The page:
So-called speleologists who have made it their life's work to study caves and always attract the greatest interest, especially among those who read the big-city magazines, recently explored the cave between Taxenbach and Schwarzach, which, as we learned from the newspaper, had until then been totally unexplored. At the end of August and in ideal weather conditions, as the Salzburger Volksblatt reports, speleologists entered the cave with the firm intention of coming out of the cave again in mid-September. When, however, the speleologists had not come out of the cave even by the end of September, a rescue team had formed, calling itself The Speleological Rescue Team, and had set off for the cave to come to the aid of the speleologists who had originally entered the cave at the end of August. But this Speleological Rescue Team itself had not come out of the cave by mid-October, which induced the Salzburg Provincial Government to send a second Speleological Rescue Team into the cave. This second Speleological Rescue Team was composed of the strongest and bravest men in the province and was equipped with the most up-to-date so- called Cave Rescue Apparatus. This second Speleological Rescue Team, however, just like the first, entered the cave according to plan but even by the beginning of December had not returned from the cave. At this point the department of the Salzburg Provincial Government responsible for speleology commissioned a firm of building contractors in the Pongau to wall up the cave between Taxenbach and Schwarzach, and this was done before the New Year.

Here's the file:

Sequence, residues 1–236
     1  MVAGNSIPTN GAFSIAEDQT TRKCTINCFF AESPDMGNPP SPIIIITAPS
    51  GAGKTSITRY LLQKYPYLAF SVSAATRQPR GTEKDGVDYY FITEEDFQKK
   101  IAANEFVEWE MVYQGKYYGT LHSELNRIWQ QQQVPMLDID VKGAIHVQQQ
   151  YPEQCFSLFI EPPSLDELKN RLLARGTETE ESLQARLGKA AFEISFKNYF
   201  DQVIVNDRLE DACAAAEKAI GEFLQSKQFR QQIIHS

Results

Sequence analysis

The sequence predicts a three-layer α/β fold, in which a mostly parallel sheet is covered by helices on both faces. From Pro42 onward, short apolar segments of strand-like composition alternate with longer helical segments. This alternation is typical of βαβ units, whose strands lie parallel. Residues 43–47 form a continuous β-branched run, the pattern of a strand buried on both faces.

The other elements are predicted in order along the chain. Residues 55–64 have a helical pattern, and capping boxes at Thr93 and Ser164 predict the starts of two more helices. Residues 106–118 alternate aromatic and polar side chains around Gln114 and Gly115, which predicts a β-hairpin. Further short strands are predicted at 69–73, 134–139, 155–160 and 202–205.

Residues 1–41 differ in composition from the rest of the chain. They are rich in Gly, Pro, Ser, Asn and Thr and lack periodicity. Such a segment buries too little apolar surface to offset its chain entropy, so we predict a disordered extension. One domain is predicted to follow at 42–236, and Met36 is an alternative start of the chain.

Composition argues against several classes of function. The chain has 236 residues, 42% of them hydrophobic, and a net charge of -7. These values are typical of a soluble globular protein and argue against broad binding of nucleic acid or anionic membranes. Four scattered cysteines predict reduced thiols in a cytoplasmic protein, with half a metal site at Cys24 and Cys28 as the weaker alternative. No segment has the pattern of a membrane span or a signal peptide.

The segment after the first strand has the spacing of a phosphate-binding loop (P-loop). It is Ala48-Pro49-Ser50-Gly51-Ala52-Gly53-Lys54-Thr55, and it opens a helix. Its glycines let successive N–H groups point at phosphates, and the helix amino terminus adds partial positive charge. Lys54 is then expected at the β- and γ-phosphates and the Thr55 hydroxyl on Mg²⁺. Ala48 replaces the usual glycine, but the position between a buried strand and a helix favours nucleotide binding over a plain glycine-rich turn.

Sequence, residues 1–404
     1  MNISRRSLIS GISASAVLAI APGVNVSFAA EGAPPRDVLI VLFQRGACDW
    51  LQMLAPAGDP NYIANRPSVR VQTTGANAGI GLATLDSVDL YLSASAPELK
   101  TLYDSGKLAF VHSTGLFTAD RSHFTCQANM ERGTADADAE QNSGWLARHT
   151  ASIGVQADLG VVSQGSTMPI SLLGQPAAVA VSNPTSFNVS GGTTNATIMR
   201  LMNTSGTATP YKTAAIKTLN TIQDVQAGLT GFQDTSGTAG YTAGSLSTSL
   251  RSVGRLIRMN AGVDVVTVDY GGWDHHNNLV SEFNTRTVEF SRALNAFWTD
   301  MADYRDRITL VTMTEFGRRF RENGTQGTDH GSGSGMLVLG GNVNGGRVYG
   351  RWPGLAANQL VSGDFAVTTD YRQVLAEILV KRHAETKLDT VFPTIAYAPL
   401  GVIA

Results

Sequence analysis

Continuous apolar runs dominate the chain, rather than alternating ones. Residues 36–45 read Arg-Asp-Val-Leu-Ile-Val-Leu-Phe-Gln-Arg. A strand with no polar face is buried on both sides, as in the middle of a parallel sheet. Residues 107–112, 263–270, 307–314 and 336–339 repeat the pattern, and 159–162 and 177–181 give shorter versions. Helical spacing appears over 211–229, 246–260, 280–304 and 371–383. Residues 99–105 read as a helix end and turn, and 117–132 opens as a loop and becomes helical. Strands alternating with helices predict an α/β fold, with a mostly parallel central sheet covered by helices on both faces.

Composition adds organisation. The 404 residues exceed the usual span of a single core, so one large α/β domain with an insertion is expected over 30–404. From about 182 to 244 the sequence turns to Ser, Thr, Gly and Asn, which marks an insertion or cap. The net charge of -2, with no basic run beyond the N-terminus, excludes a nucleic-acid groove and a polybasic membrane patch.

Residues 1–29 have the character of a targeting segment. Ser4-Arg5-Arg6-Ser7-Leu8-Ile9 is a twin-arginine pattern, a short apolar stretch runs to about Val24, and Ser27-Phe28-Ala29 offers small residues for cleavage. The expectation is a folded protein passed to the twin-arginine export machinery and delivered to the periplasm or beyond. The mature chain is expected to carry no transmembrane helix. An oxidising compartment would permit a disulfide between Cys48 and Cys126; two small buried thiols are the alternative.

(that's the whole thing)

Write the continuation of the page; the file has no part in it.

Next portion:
In Lima, a man was arrested who stubbornly maintained that he wished to go into the Andes to look for his wife, who had gone into the Tauern mountains the year before and who, as the man is said to have deposed before the Lima police, had apparently lost her way in the neighborhood of the Tappenkar and fallen into a crevasse. But since the Tauern and, in the nature of things, the Tappenkar too lie in the Salzburg Alps, as even the police officers in Lima knew, it is not surprising that the Peruvian police officers asked the man, whom, in a state of total neglect, wearing only a pair of ragged trousers and a so-called Carinthian peasant shirt, they had arrested in downtown Lima because he had appeared suspicious to them, what he was really after in Peru. The man who was arrested was actually born in Ferlach in Carinthia and was a wealthy Austrian who ran a flourishing gunsmith's business in that town. Our newspaper gave no further details.